On The Front Lines
Property Rights: Rutherford Institute Sues Virginia County Over Landowner’s Right to Entertain Friends on 86-Acre Farm for Overnight Hunting Trips
ISLE OF WIGHT, Va. — Citing the right of property owners to have a certain amount of sovereignty over what takes place on their own property, The Rutherford Institute has filed a lawsuit on behalf of a Virginia landowner who was prohibited from allowing a friend to camp on his 86-acre farm for a hunting excursion.
In prohibiting landowner Joseph R. Ferguson, Jr., from allowing a friend to stay overnight in a camper parked on his farm, officials with Isle of Wight County claimed that use of the camper would constitute an unauthorized “campground” in violation of local zoning ordinances. Coming to Ferguson’s defense, attorneys for The Rutherford Institute have asked the Circuit Court of Isle of Wight County to reject the County’s misinterpretation of the law and recognize Ferguson’s right to lawfully use his property as he sees fit.
“Cases such as this one are becoming increasingly common across the country as overzealous government officials routinely enforce laws that undermine the very property rights enshrined in the U.S. Constitution,” said John Whitehead, president of The Rutherford Institute and author of A Government of Wolves: The Emerging American Police State. “Whether you’re talking about laws that prohibit smoking a cigarette inside one’s apartment, hosting a Bible study in one’s backyard, or growing organic vegetables in one’s front yard, the government’s ongoing disregard for private property brings us full circle, back to that pre-Revolutionary era when colonists had few to no rights whatsoever within their homes.”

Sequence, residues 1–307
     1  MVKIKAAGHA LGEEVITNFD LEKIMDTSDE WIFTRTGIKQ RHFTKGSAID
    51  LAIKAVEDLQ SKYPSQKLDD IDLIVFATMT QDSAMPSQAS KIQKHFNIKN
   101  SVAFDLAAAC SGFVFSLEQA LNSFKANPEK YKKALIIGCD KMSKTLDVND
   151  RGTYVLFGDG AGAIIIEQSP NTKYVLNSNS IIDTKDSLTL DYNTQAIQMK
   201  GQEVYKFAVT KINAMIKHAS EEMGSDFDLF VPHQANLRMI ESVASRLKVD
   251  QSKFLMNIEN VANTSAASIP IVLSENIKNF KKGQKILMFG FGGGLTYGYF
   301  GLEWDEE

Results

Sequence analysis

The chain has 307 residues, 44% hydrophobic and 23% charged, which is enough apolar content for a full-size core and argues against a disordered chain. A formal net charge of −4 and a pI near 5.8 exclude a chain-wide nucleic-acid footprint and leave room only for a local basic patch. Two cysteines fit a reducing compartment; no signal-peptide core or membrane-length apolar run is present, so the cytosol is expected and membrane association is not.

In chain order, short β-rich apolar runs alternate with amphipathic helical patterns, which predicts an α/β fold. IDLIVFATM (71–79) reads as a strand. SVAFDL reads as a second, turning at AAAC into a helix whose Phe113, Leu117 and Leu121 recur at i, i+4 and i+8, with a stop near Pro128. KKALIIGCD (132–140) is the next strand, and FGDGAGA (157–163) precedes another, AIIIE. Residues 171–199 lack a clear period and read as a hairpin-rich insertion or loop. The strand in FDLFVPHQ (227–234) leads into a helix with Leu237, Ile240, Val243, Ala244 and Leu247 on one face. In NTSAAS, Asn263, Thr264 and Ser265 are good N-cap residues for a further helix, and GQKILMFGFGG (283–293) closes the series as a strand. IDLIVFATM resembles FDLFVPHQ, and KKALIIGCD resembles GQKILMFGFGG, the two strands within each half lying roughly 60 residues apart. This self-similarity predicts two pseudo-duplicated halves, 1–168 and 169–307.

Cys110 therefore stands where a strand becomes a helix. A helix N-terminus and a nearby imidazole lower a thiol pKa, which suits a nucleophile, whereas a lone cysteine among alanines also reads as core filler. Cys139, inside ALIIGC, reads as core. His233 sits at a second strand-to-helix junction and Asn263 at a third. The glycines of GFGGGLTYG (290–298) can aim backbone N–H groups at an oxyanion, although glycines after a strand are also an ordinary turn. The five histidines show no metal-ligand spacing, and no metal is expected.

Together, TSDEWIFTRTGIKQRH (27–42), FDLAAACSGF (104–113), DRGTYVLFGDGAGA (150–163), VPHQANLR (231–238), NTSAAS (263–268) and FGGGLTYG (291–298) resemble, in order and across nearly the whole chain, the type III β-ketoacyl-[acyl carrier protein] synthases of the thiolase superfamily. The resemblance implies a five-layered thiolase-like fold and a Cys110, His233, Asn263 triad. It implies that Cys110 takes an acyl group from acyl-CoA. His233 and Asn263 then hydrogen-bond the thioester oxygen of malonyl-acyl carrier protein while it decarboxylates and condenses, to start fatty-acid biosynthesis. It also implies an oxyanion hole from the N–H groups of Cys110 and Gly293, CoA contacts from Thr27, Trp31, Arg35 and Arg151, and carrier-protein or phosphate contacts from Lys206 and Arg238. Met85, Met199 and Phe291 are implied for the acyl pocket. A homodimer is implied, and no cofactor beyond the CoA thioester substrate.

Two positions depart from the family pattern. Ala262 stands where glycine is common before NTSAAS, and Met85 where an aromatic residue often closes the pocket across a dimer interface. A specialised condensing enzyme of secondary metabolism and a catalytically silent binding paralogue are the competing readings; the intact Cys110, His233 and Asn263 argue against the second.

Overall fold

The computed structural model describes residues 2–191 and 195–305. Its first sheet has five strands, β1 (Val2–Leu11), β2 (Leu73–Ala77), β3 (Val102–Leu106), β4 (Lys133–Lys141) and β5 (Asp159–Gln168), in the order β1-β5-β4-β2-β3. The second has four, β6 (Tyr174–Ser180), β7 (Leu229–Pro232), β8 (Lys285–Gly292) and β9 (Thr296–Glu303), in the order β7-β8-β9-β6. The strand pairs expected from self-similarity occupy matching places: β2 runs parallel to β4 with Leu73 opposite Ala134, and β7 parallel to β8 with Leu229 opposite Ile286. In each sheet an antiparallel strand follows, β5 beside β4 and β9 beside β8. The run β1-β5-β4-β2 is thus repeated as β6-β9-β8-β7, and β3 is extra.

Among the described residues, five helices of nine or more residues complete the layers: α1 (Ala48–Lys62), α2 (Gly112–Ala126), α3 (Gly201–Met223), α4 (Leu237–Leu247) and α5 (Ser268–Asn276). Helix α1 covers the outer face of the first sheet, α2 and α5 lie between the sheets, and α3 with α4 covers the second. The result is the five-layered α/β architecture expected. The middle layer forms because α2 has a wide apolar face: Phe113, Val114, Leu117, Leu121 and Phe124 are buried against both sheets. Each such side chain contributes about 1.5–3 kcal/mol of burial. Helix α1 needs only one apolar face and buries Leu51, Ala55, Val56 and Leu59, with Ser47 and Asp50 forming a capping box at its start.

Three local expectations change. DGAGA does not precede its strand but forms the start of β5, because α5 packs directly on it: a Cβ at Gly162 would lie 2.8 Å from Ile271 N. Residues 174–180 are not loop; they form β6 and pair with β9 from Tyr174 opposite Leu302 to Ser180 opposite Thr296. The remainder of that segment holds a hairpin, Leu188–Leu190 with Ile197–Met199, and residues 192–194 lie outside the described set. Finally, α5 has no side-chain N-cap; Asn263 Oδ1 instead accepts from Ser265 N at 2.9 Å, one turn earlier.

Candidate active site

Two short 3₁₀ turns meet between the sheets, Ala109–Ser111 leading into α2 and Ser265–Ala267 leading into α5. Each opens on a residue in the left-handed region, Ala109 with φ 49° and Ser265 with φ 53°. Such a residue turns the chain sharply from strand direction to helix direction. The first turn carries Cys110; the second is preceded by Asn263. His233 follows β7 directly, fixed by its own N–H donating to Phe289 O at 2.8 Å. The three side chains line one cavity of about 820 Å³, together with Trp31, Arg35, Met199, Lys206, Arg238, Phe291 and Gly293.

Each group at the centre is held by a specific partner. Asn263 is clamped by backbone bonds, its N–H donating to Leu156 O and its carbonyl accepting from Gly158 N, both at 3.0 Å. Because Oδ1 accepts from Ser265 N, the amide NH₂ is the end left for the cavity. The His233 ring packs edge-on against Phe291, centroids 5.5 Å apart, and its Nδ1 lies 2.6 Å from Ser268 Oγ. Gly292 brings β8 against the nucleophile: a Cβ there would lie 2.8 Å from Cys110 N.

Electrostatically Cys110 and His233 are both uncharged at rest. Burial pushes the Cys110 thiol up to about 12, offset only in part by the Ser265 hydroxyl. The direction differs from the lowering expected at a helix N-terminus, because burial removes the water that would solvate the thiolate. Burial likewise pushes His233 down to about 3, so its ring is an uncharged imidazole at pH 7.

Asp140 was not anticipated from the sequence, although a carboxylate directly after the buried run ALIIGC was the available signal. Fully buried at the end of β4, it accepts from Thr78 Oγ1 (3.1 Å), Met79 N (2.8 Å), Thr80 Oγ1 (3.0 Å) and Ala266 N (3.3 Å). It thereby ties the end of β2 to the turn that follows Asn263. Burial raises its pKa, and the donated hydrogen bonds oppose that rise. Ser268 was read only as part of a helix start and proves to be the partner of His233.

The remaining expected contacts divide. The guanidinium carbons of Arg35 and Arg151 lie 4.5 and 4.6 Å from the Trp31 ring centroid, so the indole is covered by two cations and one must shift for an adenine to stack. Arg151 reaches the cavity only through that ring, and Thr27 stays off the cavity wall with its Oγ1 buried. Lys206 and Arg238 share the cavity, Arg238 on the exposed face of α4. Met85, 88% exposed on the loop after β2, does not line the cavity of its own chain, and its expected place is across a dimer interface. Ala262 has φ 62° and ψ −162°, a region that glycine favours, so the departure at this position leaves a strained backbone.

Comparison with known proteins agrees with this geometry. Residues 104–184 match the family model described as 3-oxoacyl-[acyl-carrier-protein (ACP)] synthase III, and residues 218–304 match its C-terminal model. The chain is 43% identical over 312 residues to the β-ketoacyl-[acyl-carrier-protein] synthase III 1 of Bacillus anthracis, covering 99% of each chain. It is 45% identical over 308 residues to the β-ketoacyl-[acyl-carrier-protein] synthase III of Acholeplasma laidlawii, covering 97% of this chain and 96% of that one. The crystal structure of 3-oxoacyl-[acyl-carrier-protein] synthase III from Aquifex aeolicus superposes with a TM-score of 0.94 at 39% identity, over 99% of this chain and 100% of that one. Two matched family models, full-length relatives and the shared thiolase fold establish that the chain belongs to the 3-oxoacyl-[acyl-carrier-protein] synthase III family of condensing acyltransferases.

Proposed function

Joseph Ferguson, an avid outdoorsman, occasionally hosts friends for lawful hunting excursions on his 86-acre farm in Isle of Wight County, Virginia, which is zoned for agricultural use, is primarily wooded, and is used for agricultural and forestry purposes. In 2011, Ferguson allowed a disabled friend to bring an Outback RV Trailer onto the farm to stay in overnight during occasional weekend hunting excursions. The trailer was placed 170 feet from the public road abutting the farm, and attached to preexisting water, sewer and electricity connections. The friend stayed in the RV trailer in order to avoid disruption of Ferguson’s home with the comings and goings associated with hunting, in particular the early hours and mess.
In October 2011, Ferguson received a letter from the County advising him that his property had been inspected in response to a complaint, and asserting that the presence of the trailer violated a County ordinance prohibiting the use of recreational vehicles as “residences.” Moreover, Ferguson was informed by a County official that the trailer could not be used as living quarters and that its use constituted maintenance of an unauthorized “campground.”
After appeals to the County Board of Supervisors went unheeded, attorneys for The Rutherford Institute intervened, filing suit against the County in circuit court on the grounds that Ferguson’s placement and use of the trailer did not violate the law because the noncommercial use of the trailer did not constitute establishment of a “campground,” and the temporary occupancy of the trailer did not constitute use of the trailer as a “residence.” Institute attorneys are also seeking a declaration from the court that Ferguson has a right to use his property for occasional camping by himself, his family and friends.